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Pre-flight reading - PPL

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Old 2nd Jul 2018, 22:19
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Pre-flight reading - PPL

Still in the process of saving up for this new adventure so I thought I might as well do some reading. Is there a good way to tackle the PPL material? I'm using the Pooley (Trevor Thom) books but only buying what I'll be reading so books 1 and 2 for now. Should I be reading them in order?

I probably won't be able to start flying until later this year or maybe even Spring 2019, so I'd like to think I can read and absorb and enjoy the learning.
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Old 3rd Jul 2018, 05:25
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A good pilot always prepare for his stuff. I recommend www.free-online-private-pilot-ground-school.com. Even though this is FAA material you can get an idea of what you will be learning next for free. You can also try the Air Pilot's manual book 1.
Good luck, cheers
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Old 3rd Jul 2018, 05:28
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Book one that you mention basically shows you how to fly a light aircraft and what you will be taught in lessons. I used older versions of these when I learnt to fly many years ago and they were sold to the students at the school I instructed at.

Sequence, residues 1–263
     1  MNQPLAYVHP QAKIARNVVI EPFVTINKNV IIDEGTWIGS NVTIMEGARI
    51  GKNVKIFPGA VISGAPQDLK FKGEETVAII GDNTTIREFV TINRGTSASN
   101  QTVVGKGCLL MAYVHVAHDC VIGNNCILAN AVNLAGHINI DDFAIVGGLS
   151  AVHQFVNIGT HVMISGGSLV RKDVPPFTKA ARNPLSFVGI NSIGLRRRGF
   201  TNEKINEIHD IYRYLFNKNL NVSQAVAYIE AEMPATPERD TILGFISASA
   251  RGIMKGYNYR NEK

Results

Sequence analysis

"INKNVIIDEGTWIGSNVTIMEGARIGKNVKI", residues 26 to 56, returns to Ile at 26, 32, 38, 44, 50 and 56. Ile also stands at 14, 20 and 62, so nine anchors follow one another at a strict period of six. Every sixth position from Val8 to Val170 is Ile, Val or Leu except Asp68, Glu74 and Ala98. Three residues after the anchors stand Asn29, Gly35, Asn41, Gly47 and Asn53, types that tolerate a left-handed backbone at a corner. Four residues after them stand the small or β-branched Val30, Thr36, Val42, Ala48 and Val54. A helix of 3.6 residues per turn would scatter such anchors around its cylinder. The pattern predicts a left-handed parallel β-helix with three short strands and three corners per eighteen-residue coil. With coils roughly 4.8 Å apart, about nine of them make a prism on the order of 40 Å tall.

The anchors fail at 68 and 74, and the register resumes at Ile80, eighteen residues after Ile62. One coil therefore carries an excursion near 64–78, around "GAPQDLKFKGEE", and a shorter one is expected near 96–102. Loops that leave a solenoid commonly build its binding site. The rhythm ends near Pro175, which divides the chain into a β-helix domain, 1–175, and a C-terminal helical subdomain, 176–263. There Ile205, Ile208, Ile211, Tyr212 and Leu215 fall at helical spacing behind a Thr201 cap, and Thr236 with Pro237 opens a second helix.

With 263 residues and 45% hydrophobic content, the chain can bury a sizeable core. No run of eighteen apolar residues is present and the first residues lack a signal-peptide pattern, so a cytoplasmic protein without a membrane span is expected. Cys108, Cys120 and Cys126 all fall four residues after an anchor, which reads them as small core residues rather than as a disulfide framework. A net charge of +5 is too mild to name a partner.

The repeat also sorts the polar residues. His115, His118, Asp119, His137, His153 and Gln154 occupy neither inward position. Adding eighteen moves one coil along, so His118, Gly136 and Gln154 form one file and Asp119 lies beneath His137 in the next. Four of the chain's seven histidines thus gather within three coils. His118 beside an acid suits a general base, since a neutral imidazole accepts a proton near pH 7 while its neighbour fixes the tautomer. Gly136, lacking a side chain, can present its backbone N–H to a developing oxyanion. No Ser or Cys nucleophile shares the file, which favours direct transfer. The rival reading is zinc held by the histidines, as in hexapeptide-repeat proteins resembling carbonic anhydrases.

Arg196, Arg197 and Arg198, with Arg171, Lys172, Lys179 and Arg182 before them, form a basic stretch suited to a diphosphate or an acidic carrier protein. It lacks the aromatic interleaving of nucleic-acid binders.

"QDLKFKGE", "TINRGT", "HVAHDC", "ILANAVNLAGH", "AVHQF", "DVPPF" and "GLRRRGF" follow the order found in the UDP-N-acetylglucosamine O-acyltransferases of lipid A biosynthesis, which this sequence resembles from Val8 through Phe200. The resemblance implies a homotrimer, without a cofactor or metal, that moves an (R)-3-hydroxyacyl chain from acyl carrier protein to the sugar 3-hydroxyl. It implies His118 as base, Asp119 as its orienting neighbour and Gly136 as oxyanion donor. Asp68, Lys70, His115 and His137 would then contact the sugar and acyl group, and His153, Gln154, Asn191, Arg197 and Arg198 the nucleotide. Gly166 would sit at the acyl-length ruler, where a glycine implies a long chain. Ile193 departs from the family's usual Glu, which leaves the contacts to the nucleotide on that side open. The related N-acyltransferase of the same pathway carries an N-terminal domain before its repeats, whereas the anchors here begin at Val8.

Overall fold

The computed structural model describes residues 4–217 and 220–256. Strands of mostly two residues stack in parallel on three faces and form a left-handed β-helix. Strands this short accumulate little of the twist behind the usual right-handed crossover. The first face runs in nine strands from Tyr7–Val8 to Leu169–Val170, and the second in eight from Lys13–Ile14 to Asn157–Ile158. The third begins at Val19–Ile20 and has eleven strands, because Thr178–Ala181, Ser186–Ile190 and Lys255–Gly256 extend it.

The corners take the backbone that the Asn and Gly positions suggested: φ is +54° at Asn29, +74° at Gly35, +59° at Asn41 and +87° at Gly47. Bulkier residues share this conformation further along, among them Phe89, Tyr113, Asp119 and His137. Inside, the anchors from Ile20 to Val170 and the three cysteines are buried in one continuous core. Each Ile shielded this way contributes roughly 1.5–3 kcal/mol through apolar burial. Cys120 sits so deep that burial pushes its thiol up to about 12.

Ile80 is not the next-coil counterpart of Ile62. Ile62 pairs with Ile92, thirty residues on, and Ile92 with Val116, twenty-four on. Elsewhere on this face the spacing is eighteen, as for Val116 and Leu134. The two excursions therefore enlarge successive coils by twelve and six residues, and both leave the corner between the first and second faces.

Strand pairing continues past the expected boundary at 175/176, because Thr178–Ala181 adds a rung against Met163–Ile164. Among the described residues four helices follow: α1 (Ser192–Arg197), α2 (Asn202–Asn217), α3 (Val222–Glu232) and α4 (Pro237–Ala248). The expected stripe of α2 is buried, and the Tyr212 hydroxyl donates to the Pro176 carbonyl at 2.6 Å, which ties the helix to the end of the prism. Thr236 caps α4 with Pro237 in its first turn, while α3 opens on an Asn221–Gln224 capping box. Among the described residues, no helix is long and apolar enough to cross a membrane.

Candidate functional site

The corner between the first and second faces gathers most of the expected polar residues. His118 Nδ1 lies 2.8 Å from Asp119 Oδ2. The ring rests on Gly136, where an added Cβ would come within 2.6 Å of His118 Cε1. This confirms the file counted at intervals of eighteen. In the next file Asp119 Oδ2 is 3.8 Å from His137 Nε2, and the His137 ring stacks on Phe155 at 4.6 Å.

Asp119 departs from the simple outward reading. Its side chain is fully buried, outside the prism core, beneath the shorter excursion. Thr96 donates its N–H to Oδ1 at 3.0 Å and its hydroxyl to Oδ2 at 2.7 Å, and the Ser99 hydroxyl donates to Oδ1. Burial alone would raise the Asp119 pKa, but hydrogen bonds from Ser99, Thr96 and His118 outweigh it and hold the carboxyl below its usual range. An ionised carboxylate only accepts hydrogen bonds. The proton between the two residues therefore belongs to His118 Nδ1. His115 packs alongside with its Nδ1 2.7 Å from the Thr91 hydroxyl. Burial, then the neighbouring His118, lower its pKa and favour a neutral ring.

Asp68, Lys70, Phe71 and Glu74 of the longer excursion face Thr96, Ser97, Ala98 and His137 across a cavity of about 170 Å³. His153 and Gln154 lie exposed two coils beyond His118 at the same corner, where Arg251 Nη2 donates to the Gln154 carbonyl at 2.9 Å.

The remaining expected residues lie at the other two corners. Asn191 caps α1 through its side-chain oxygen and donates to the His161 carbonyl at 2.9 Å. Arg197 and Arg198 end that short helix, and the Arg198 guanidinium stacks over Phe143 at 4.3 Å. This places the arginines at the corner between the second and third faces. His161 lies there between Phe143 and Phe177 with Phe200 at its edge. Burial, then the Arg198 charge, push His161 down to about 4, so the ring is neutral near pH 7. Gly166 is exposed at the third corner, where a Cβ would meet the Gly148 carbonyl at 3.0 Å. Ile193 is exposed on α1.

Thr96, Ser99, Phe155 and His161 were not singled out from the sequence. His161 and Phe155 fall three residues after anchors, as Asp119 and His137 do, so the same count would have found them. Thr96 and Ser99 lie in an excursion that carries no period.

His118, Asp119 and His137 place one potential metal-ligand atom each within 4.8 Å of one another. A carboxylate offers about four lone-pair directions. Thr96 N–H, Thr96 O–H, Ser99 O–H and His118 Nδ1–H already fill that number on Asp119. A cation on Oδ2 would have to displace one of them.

If you have a school in mind then pop in and ask what they recomend with regard to pre study. Several other publishers produce a similar series of books on learning to fly and they are all similar.

You could also study from the second book which is Air Law as you will have to pass that before you fly solo so you could be a position to be ready to take that exam soon after you start training.

Infact you could read them all I guess but don’t get bogged down, I would take an interest in book one and try to learn as much Air law as possible.

I would give due consideration to when you start to learn to fly, continuity is the key and a late Aurumn start going into a damp dull Winter might not be the best time to begin training.

Good luck and enjoy learning to fly..

Last edited by Council Van; 3rd Jul 2018 at 05:42.
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Old 3rd Jul 2018, 20:01
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Air Pilot's Manual is the Pooley (Trevor Thom) book I'm referring to.

I don't really have a flight school in mind yet; there are three local ATOs in my nearest airport and I'm also considering Bartolini but as you said, they're all similar so I guess it doesn't matter which ones I go for? What I'm curious is whether to do them in order?